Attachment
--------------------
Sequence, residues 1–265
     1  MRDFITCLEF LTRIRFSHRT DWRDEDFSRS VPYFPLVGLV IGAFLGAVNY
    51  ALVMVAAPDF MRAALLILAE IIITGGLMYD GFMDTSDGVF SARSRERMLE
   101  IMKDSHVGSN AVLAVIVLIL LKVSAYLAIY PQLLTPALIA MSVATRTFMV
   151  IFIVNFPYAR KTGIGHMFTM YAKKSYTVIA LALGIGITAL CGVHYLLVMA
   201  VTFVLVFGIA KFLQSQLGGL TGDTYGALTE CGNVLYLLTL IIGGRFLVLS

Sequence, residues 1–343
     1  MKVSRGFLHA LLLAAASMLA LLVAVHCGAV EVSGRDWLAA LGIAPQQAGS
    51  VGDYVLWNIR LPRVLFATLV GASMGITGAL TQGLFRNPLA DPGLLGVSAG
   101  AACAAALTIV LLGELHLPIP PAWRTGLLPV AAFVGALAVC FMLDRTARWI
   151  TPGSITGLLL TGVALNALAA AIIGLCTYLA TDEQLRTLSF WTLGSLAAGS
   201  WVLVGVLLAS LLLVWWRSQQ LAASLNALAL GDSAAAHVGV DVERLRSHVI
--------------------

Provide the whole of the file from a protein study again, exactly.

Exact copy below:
Sequence, residues 1–265
     1  MRDFITCLEF LTRIRFSHRT DWRDEDFSRS VPYFPLVGLV IGAFLGAVNY
    51  ALVMVAAPDF MRAALLILAE IIITGGLMYD GFMDTSDGVF SARSRERMLE
   101  IMKDSHVGSN AVLAVIVLIL LKVSAYLAIY PQLLTPALIA MSVATRTFMV
   151  IFIVNFPYAR KTGIGHMFTM YAKKSYTVIA LALGIGITAL CGVHYLLVMA
   201  VTFVLVFGIA KFLQSQLGGL TGDTYGALTE CGNVLYLLTL IIGGRFLVLS

Sequence, residues 1–343
     1  MKVSRGFLHA LLLAAASMLA LLVAVHCGAV EVSGRDWLAA LGIAPQQAGS
    51  VGDYVLWNIR LPRVLFATLV GASMGITGAL TQGLFRNPLA DPGLLGVSAG
   101  AACAAALTIV LLGELHLPIP PAWRTGLLPV AAFVGALAVC FMLDRTARWI
   151  TPGSITGLLL TGVALNALAA AIIGLCTYLA TDEQLRTLSF WTLGSLAAGS
   201  WVLVGVLLAS LLLVWWRSQQ LAASLNALAL GDSAAAHVGV DVERLRSHVI